The Paneru family was victorious, but they had been cursed by the mother. Bikā Paneru thought: "Our fame will remain, but we will have no descendance. We have won a victory, but God knows what may happen. In the future, we may be defeated and suffer an ignominious death from the hands of the enemies. Better to have a glorious death from our own hands." He ordered his servant to drown his two grandsons Bālā and Dānā in the fountain. When their dead bodies floated in the fountain like pulse fritters in boiling oil, the whole family lamented on their death. A big pyre was prepared into which the women threw themselves and were burned alive. Finally Bikā Paneru and Candra Bhān stretched themselves out on the ground, and threw up to the sky their daggers, which fell into their navels. Thus did they accomplish their own fate with their own hands. They prefered their honour to a comfortable life of submission and their fame will remain throughout the ages."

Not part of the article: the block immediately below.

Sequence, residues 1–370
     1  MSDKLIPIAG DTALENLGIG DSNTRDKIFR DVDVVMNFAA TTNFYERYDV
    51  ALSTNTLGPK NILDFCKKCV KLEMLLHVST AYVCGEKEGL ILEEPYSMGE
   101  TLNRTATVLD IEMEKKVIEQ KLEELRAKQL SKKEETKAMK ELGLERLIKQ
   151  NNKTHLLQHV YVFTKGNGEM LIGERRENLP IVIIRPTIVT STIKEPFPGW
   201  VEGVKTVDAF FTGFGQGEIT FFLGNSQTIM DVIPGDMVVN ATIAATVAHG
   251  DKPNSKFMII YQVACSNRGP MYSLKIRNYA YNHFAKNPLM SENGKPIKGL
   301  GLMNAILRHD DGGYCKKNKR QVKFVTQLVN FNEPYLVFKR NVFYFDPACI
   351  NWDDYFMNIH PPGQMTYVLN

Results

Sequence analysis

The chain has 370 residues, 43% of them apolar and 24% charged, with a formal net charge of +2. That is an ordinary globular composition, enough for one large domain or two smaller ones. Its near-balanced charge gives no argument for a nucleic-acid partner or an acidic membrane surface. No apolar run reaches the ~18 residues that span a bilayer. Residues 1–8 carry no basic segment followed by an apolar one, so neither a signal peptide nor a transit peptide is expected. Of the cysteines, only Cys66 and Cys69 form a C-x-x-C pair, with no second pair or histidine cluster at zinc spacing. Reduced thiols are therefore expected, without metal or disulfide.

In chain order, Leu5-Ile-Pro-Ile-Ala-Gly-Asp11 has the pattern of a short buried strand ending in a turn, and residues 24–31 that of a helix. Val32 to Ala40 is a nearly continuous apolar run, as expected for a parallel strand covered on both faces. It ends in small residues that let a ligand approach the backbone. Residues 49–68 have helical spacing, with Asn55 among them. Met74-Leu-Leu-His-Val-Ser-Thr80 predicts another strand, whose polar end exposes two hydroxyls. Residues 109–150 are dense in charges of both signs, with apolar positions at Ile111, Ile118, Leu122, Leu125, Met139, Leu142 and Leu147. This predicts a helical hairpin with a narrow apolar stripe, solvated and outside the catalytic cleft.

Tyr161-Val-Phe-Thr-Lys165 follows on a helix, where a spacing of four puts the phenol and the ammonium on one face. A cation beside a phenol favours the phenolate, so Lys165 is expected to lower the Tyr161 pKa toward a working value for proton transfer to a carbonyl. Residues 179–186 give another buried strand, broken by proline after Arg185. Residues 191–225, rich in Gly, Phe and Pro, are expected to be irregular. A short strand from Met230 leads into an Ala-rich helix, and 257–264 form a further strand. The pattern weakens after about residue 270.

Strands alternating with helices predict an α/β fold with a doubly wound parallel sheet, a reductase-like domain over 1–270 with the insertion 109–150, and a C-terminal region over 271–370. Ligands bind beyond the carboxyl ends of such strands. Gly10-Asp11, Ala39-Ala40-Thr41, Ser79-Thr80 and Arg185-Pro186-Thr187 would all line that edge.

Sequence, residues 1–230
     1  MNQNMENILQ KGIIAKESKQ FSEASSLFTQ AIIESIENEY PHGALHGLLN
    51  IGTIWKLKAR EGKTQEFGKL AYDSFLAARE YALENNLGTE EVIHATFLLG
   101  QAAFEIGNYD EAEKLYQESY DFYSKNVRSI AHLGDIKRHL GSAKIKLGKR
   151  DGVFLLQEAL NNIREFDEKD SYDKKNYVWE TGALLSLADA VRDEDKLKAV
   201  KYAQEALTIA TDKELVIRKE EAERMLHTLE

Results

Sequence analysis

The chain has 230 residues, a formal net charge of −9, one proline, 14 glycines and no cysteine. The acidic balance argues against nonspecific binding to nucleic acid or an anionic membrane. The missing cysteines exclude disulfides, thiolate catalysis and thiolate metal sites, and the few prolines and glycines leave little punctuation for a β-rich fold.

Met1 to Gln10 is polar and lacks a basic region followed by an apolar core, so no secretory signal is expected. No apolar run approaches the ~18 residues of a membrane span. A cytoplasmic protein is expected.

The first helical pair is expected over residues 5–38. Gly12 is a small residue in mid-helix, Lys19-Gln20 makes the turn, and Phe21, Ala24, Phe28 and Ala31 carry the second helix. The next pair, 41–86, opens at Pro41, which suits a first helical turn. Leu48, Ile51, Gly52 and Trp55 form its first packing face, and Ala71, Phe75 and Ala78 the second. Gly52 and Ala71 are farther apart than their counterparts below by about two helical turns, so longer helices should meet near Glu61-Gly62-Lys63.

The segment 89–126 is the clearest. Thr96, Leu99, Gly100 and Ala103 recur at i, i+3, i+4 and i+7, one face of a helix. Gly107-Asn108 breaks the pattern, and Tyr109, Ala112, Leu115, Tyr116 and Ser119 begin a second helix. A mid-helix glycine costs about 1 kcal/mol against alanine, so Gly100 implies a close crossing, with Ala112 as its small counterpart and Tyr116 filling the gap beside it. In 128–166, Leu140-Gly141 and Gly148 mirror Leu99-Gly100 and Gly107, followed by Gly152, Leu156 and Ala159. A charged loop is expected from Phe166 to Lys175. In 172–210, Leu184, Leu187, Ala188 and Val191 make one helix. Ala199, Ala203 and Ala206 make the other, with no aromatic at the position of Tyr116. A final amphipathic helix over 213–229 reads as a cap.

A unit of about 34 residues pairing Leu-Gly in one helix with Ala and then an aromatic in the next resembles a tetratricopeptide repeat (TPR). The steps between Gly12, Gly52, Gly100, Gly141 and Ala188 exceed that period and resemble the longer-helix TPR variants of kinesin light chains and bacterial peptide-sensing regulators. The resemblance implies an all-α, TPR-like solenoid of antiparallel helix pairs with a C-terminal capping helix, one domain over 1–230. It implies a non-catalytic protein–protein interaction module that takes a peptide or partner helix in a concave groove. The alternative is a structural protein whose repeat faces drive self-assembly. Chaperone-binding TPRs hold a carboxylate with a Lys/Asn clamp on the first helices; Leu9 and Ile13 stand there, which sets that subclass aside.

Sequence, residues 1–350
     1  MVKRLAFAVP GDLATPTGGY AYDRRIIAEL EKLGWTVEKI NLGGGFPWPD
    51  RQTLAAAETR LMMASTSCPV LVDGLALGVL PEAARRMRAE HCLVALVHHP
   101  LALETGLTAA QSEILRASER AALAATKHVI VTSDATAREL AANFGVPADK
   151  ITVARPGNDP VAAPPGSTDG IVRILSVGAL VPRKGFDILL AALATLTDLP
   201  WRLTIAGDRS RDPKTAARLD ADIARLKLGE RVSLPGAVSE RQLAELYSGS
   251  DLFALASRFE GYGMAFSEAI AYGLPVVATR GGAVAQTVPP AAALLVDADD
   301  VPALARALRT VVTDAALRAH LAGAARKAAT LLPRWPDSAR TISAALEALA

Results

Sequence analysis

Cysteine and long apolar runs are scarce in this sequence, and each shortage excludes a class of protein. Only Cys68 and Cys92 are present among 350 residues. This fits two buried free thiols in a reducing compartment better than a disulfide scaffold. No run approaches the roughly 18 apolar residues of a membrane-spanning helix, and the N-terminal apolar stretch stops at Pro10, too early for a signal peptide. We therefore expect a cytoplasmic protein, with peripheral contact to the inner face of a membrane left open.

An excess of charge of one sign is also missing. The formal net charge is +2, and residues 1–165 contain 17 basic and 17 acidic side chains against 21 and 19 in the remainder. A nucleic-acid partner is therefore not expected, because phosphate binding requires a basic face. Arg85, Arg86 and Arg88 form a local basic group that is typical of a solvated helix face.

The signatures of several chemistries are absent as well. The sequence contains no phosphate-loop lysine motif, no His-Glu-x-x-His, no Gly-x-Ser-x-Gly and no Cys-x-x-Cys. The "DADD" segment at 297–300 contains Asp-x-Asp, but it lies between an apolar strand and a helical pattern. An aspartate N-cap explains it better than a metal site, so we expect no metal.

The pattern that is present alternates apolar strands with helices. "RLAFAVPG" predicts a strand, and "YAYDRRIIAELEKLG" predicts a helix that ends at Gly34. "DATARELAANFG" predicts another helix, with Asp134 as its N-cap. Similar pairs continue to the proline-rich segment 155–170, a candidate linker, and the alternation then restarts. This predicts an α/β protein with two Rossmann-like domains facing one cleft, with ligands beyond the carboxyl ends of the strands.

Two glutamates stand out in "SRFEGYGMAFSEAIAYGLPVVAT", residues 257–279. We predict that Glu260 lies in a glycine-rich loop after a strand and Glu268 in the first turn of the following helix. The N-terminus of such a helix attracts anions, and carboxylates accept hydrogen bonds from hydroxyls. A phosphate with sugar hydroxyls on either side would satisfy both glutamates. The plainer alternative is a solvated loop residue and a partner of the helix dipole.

At the end of the XVIIIth century, the Gorkha dynasty which was building the new unified kingdom of Nepal, with its capital at Kathmandu, extended its conquests to the West. Doti and Kumaon were annexed in 1790 and Garhwal a few years later. After the Anglo-Nepalese war of 1814-6, Nepal kept only Doti white Kumaon and Garhwal became districts administered by the East India Company. The political conditions which had prevailed for more than a millenium were thus transformed. Except for the autonomous principality of Tehri Garhwal, the small kingdoms with their courts and their warriors were destroyed. These events affected unequally the repertory of the bards. Temples survived; public and private ceremonies continued to be held: so the religious songs have been rather well preserved. The other part of the repertory, dealing with kings and heroes, was much more seriously affected. With the end of the wars between kingdoms and of the feuds between local chiefs, the sources of inspiration dried out. It is remarkable that — except for a few songs from Garhwal [CĀTAK, Govinda. 1968. Garhvalī lok-sāhitya aur kalā. Delhi. pp. 245-246] — the whole of the repertory refers to events which took place before the end of the XVIIIth Century. It was already standardized at that time and is gradually dying out.